The B.C. government is toying again with the idea of a 10-year labour deal, this time with the province’s nurses. Long-term labour peace certainly sounds attractive, but the government, regardless of which party is at the helm, and its workers need to improve relations in the shorter term before expending time and resources on a concept with such little hope for success.
Health Minister Margaret MacDiarmid says the government, the Health Employers Association of B.C. and the nurses have had informal talks about working out a longer-term agreement, but said the government has not set a specific 10-year goal.
The informal discussions have alarmed the heads of B.C.’s six health authorities, who say the talks have taken place without their knowledge or consent. They insist that the HEABC, of which they are members, should immediately refrain from negotiations.
The health authorities have reason to be concerned. A 10-year agreement could impose significant costs and restrictions on a system already struggling to match a growing workload with limited funding.
Last fall, Premier Christy Clark mused about establishing long-term labour peace for the education system, and in January, the government outlined its proposals for a 10-year agreement with teachers. The concept got short shrift from B.C. Teachers’ Federation president Susan Lambert, who said teachers would never agree to the proposal.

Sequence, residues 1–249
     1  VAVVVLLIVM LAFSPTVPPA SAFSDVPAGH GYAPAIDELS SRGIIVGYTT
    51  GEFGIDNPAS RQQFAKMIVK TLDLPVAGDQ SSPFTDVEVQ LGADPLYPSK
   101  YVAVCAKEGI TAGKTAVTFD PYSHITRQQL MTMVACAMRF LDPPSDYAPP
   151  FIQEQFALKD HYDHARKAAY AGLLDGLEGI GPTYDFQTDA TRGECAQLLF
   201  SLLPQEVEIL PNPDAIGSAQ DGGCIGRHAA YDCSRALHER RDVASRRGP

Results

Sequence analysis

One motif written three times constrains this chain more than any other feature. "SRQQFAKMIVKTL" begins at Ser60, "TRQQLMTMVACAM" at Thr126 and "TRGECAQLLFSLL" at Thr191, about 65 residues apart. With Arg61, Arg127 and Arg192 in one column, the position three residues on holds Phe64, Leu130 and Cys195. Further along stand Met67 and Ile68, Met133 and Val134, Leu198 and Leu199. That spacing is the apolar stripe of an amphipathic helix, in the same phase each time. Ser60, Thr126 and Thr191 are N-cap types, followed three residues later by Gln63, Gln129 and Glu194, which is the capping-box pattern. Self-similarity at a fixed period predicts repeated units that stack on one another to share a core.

We can’t fault the premier for good intentions. Who wouldn’t want to see a decade in which B.C. education and health care were not disrupted by bitter negotiations and labour unrest?
But it wouldn’t be in the interest of employers or workers to sign such a long-term deal.
Look at the economic upheaval that has occurred in the past 10 years. Who could predict what the next decade will bring? Employers could be burdened with unmanageable costs, or employees could be stuck with wages that wouldn’t reflect economic realities. Technological changes or population shifts could bring about changes in the workplace that we can’t foresee now. Some of today’s jobs might not exist 10 years from now.
To cast all the contract’s conditions in concrete would be dangerous, but the escape clauses and mechanisms for amendments required to accommodate changing conditions would render the whole exercise pointless.
While Debra McPherson, president of the B.C. Nurses’ Union, says a 10-year agreement is not under discussion, she says nurses are amenable to a longer-term agreement, and four years would be ideal.
That’s a more reasonable and realistic approach. With current contract periods, it seems everyone is always negotiating or on the verge of negotiating. Lengthening the time between bargaining sessions could let people focus on their work instead of on the next round of contract talks.
Clark’s quest for long-term labour peace has been dismissed by some observers as electioneering, but a campaign is as good a time as any to put forward proposals and trot out new ideas, allowing the public to pass judgment.
The goal of long-lasting workplace stability in health care, education and other public realms should not be dismissed out of hand.
But trying to get there in one giant leap is more likely to result in a big fall. Better to take it one practical step at a time.
And if those steps are to succeed, all parties affected should be involved from the beginning.
© Copyright 2013